Angular Automation: 6 Things That Should Be Automated in Enterprises

Handling anything at a big scale always is very different from when things are small. The differences can be in the number of people working with something, the business impact of decisions and the ability to enforce the execution of decisions at a large scale. I have in the previous post talked about different tools to automate logic and business rules in Angular apps using eg. TSLint, Prettier, Schematics and CI/CD pipelines. My mantra, that is ever ringing in my head when I work for bigger enterprises is:

“If it can’t be automated, don’t bother”
Christian Lüdemann

I might even create a poster for this at one point so you can have it hanging in your office. Having automatic enforcement of the enterprise’s processes is not the best way to enforce it. IT IS THE ONLY WAY TO ENFORCE IT.

This posts will go in depth with a checklist for handling Angular apps in a scalable way for big enterprises:

1: Automate the WHOLE delivery process

You sure you have heard this a lot of times, Having a fully automated delivery process means that every one can release to production on the team (given they have got an approved pull request). The best teams I have worked with have also used feature sites and automatic end-to-end tests to making the delivery processes even more automatic and safe. For more on this I recommend reading my blog post on implementing continuous delivery.

2: Automate documentation of code

You might already be aware that you should be documenting: the high-level overview and that the documentation should explain “the why” and not “the how” (reasons behind eg. why some hack is made). The code should be clean and self-explaining enough to not need comments. That being said, doing the necessary documentation should, of course, be automated, otherwise, it will simply not be maintained.

For generating the documentation Compodoc is a great tool to generate a static page that will document your app.

3: Automate code style standards

As I have spoken about in the previous post, having an efficient decision making process is not enough. Without using tools for enforcing the decided standards, it will simply not be enforced consistently. People tends to underestimate how forgettable the human brain is and how much we like to stick to our ways of doing.

TSLint is the industry standard for enforcing code style standards in Angular apps. It has a lot of rules out of the box and Angular CLI comes with Codelyzer which will enforce the Angular best practices. Should you have specific code standard rules for your business you can enforce these by creating your own TSLint rules.

4: Automate formating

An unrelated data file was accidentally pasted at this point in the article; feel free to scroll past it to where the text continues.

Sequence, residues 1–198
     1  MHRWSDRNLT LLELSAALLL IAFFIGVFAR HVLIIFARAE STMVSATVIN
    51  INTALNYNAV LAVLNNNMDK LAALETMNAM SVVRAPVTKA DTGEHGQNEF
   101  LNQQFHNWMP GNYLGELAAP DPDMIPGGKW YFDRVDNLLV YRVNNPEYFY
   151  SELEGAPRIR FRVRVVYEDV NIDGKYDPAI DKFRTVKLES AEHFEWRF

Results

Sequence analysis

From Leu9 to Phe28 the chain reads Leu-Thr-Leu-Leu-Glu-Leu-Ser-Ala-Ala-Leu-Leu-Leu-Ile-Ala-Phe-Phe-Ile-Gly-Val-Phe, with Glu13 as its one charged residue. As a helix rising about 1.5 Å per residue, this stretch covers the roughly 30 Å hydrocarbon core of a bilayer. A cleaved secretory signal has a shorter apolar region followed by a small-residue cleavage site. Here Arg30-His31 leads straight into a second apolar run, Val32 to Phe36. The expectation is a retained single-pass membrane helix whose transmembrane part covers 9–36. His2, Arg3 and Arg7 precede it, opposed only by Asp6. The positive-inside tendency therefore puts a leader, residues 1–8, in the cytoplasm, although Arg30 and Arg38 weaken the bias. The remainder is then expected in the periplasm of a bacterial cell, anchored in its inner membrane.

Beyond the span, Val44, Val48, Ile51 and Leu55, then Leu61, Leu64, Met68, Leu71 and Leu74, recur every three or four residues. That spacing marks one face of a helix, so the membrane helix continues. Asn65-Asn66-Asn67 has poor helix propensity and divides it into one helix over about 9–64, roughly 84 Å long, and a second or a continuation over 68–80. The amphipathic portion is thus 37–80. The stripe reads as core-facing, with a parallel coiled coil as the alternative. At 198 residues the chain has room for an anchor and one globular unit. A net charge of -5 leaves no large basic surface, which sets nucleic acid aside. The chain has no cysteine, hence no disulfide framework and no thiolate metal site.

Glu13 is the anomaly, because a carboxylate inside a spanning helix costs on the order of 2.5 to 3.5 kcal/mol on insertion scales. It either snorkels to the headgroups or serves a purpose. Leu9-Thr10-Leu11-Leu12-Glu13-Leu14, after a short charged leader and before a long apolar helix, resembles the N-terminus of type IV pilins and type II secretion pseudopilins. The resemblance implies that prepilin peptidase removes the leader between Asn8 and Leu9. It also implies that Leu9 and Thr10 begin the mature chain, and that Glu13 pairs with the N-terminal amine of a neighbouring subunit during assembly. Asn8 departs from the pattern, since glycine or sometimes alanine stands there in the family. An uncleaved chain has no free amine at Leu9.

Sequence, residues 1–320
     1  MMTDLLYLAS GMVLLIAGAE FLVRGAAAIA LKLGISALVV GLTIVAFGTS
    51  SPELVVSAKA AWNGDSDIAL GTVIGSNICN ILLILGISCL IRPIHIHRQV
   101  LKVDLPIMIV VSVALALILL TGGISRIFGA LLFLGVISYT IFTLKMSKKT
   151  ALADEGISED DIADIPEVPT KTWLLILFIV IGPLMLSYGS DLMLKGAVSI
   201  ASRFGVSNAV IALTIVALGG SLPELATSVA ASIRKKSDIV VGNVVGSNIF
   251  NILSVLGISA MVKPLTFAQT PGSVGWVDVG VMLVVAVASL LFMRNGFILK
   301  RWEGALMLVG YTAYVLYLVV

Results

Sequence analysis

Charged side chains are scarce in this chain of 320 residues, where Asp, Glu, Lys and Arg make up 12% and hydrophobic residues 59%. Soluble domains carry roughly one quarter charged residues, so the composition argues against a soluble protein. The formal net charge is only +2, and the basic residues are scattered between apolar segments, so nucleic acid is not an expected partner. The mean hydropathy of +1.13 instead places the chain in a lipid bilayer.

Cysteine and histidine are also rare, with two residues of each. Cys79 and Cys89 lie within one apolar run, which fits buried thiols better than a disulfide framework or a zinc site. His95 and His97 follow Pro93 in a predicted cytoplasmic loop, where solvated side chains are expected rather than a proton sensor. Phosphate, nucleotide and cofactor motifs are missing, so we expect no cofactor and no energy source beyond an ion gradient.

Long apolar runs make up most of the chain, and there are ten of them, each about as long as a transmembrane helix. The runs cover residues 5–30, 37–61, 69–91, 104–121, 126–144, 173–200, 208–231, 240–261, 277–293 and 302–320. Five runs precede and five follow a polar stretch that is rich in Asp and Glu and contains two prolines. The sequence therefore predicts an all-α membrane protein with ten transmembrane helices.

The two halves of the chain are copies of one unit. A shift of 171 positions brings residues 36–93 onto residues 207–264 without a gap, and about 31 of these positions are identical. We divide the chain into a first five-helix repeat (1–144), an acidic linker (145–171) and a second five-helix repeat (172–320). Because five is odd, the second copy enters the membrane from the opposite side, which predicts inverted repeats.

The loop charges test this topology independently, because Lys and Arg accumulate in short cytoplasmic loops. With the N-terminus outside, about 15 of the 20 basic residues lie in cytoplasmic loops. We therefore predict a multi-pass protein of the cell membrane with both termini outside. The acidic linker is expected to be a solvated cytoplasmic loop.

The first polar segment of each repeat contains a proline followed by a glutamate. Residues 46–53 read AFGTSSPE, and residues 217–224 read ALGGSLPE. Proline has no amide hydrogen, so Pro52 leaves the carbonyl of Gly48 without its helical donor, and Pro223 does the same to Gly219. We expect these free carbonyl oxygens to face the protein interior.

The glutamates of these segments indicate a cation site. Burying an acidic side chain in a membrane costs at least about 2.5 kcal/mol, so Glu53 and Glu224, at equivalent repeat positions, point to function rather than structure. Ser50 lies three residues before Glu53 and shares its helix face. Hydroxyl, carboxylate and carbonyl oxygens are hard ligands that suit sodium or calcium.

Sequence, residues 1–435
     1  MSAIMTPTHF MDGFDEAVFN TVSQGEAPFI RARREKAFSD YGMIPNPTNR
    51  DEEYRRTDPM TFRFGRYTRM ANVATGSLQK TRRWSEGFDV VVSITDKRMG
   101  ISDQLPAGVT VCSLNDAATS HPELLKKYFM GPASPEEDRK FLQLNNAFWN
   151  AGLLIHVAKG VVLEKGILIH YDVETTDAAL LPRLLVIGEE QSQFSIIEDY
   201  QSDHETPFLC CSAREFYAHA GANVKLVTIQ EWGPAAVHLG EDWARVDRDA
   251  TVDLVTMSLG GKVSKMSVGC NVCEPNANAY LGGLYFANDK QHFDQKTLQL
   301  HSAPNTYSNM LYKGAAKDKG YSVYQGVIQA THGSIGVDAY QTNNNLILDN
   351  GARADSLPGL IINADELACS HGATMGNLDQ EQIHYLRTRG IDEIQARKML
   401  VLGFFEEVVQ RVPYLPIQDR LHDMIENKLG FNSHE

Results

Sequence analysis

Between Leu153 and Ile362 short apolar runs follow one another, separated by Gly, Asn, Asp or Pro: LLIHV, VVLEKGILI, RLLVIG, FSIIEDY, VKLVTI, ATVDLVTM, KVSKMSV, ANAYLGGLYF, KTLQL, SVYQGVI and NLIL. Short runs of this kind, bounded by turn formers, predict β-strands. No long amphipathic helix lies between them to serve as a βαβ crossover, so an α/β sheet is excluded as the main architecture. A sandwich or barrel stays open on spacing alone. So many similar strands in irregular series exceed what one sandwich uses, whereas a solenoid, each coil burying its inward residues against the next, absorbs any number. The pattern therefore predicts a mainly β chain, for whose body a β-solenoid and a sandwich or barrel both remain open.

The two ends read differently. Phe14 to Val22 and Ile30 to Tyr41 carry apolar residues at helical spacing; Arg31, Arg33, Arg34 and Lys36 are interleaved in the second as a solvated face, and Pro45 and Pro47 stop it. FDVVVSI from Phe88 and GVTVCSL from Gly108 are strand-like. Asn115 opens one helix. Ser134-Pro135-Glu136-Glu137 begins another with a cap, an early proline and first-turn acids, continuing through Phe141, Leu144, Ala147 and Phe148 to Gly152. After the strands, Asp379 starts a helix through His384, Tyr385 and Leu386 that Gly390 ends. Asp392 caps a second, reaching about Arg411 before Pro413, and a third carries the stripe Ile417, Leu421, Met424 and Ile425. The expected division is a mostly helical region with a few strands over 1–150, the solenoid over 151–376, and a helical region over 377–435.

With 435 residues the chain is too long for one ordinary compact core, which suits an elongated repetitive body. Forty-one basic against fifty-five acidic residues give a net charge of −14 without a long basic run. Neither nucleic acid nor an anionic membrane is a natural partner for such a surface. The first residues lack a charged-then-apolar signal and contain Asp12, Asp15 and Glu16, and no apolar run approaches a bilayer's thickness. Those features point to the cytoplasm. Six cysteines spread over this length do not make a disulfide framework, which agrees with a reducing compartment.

Formatting is, as well, an area where you don’t want to spend time enforcing it manually in PRs. Prettier is coming to the rescue here and will ensure that the code will look nice and consistent regardless for each check-in. Normally formatting is enforced either with a pre-commit hook or on the CI.

5: Automate code sharing

NPM packages is used by many teams to share code between projects and the same problems are faced every time:

  • You need to create a dedicated repo, demo projet and CI for each shared lib
  • It is tedious to create a change in a shared lib because you need to update the clients
  • You face problems with dependency mismatching, eg. Angular 6 in one project and Angular 7 in another
  • Npm link, do I need to say more?

These problems will naturally cause the team to share less code and duplicate more, as this becomes the path of least resistance.

A better way to do this is to do the mono repo approach. This is why you will hear about industry-leading companies like Google and Facebook having all their code in one repository. With a mono repo sharing code is very easy and if you have created something in one app, you want to share with other apps, you simply copy the files to the shared lib.

Of course, these benefits come with a price: you need better tooling to manage the CI/CD pipeline. Nx and Lerna are great tools for managing the mono repo. NX gives you a set of schematics for working with mono repos, such as only building and testing the affected code and Lerna allows you to run tasks on multiple apps and libs in a mono repo. Make sure to stay tuned for next blog post, because I will in this go in depth with how to set up a mono repo and implement the necessary tooling on the CI/CD pipeline.

6: Automate to promote best practises with Schematics

The Angular CLI gives you a lot of tools to generate different kinds of files such as: services, components, directives and tests. These generated files might not fit your companies conventions completely or you might want to extend on them. Angular Schematics allows you to do this so you can control eg. how a test file should look when it is generated. Tomas Trajan has written a good blog post on how to create Schematics. I will soon write a blog post on how to work with schematics in Angular 7 with NX.

Conclussion

This post went through how to automate the enforcement of processes and ways of doing as this is the only real way to get it enforced. Especially as the organization grows this only becomes harder. First is the delivery process that should be automated so every team member, given an approved pull request can ship safely to production. Second, that documentation should be automated as much as possible as manual documentation will rotten over time. Enforcement of code standards and formating using TSLint and Prettier to ensure that the code looks the same regardless of the developer who has written it. Automate code sharing by using the mono repo approach instead of NPM modules. Lastly, writing custom schematics for your company to customise how generated files should look.


Originally published at Christian Lüdemann IT.